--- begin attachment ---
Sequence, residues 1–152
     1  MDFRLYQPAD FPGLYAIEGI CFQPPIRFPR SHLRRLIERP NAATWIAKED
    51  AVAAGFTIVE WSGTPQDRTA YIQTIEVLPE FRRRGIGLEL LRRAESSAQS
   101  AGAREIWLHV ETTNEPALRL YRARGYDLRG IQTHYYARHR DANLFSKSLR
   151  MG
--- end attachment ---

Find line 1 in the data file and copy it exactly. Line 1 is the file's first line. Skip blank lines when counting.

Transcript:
Sequence, residues 1–152